Meanwhile in Northern Ireland, which also voted against leaving the EU by a clear majority, the nationalist Sinn Fein party called for an immediate referendum on unification with the Republic of Ireland, which will remain in the economic union.

“This outcome tonight dramatically changes the political landscape here in the north of Ireland and we will be intensifying our case for the calling of a border poll” on a united Ireland, the party’s chairman, Declan Kearney, said on Friday morning.

“The British government as a direct result have forfeited any mandate to represent the interests of people here in the north of Ireland in circumstances where the north is dragged out of Europe as a result of a vote to leave,” he added.

If the United Kingdom does leave the EU — after what was, legally, just an advisory referendum — Northern Ireland will be the only part of the country to share a land border with the economic bloc, reintroducing the need for immigration and customs controls with the Republic of Ireland that were phased out in recent years.

Sinn Fein was a party to the Good Friday agreement of 1998, which ended decades of violence by devolving power to a regional assembly and acknowledging that the two parts of Ireland could eventually be united. As part of that agreement, the British government’s secretary of state for Northern Ireland is obliged to call a referendum on dissolving the border between the two parts of Ireland once there is clear evidence of public opinion favoring Irish unity.

As Brendan Donnelly, a former member of the European Parliament, wrote recently, “It is not by chance that in the Good Friday agreement … so much emphasis is laid on the membership of both the United Kingdom and the Republic of Ireland in the European Union.” Under that arrangement, the border has become as invisible as one between two American states.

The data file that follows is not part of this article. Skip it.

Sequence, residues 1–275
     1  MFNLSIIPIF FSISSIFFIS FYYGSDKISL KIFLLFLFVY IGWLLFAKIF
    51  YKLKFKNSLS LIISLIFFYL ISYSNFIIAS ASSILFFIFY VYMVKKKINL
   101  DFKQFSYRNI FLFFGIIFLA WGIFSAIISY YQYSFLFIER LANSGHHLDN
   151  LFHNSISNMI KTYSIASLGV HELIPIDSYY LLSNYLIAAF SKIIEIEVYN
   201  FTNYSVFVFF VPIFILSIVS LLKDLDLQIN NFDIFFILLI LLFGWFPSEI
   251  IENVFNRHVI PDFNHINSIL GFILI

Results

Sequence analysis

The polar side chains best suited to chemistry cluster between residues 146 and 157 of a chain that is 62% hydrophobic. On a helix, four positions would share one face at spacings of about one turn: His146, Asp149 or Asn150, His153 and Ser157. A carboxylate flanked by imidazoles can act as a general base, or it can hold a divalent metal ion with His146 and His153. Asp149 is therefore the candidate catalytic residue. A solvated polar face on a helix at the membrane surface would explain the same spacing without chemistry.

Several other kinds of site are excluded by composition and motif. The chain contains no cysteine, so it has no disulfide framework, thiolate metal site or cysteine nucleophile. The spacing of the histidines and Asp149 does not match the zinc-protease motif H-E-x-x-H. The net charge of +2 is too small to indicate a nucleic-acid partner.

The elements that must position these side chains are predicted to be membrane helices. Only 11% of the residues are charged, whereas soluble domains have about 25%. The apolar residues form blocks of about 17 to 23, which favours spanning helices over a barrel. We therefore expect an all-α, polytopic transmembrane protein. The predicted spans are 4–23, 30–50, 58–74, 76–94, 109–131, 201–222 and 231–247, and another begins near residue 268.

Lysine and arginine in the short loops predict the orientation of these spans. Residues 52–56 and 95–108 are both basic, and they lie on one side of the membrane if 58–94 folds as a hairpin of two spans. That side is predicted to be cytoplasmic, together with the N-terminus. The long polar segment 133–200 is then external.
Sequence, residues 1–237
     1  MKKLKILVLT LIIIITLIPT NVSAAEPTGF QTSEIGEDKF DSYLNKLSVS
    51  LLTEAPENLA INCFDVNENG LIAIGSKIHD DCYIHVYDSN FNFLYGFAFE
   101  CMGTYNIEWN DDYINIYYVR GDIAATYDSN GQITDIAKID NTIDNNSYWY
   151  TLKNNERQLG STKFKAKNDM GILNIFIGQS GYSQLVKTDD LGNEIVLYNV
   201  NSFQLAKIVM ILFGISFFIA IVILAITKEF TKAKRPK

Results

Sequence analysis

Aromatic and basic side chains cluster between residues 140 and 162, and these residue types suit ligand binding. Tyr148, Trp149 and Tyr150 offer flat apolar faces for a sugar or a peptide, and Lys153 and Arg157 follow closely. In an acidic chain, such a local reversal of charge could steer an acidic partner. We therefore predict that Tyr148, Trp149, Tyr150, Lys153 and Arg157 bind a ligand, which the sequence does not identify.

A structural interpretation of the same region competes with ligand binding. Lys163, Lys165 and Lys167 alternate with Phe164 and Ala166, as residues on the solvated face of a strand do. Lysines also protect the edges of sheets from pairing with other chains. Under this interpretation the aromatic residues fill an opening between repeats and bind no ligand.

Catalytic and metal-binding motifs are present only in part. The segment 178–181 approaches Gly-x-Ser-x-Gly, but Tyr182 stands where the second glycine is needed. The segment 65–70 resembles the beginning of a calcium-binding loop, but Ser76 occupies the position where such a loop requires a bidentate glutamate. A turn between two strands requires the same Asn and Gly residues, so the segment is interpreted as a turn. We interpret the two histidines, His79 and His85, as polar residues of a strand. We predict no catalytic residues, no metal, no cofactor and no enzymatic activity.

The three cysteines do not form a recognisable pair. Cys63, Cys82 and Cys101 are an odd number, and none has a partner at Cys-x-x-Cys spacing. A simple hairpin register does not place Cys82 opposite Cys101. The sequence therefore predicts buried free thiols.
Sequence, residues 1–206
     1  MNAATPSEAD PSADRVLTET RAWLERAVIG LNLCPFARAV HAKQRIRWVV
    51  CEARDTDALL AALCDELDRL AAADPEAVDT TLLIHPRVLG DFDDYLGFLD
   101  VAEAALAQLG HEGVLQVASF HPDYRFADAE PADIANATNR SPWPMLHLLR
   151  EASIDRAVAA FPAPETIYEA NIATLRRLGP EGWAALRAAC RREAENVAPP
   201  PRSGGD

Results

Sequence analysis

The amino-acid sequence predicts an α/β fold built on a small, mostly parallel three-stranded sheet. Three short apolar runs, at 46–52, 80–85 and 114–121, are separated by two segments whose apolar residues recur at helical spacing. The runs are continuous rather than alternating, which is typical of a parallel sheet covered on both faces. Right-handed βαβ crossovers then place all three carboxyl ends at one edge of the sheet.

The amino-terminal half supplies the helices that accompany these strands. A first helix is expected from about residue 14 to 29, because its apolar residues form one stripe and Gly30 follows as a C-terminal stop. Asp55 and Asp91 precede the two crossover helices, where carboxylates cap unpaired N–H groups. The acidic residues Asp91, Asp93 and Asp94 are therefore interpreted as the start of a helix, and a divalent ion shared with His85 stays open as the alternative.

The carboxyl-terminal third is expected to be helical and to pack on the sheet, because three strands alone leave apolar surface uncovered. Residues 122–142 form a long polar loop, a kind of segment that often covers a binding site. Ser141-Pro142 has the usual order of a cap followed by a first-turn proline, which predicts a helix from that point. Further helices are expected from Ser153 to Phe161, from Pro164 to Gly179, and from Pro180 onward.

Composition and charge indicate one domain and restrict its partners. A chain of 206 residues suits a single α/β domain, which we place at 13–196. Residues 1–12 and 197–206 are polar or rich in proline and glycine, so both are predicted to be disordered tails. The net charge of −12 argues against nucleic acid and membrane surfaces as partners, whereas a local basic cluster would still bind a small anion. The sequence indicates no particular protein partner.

“To install physical checkpoints along the border would instantly undermine a hard-won peace, and the psychological impact alone would be catastrophic,” Kathryn Gaw, a Belfast-based journalist wrote this week. “A return of those barricaded towers and armed checkpoints will stir up emotional memories for many Northern Irish people who witnessed years of violence in border towns such as Newry, Omagh and Derry, and there is a very real fear that they may lead to a resurgence of dissident activity.”

Although the unionist strongholds in Ulster voted to leave the EU on Thursday, the difficulty of living once again with physical barriers between the two parts of the island could make it seem more attractive to be part of a European Ireland than an inward-looking U.K.

Another alternative, as the Irish journalist Peter Geoghegan suggested, is that the island of Ireland could continue to function without a border, but anyone traveling from Northern Ireland to the rest of the U.K. would have to pass through immigration and customs checks. Such an arrangement would be short of formal unification but help prevent backsliding in the peace process.

On Friday evening, the UK government’s Northern Ireland Office released a statement making it clear that the secretary of state, Theresa Villiers — a Leave campaigner — had rejected the request for a referendum on Irish unity, arguing, “there is no reason to change our view that a majority of the people of Northern Ireland support the current political settlement and want to remain part of the UK.”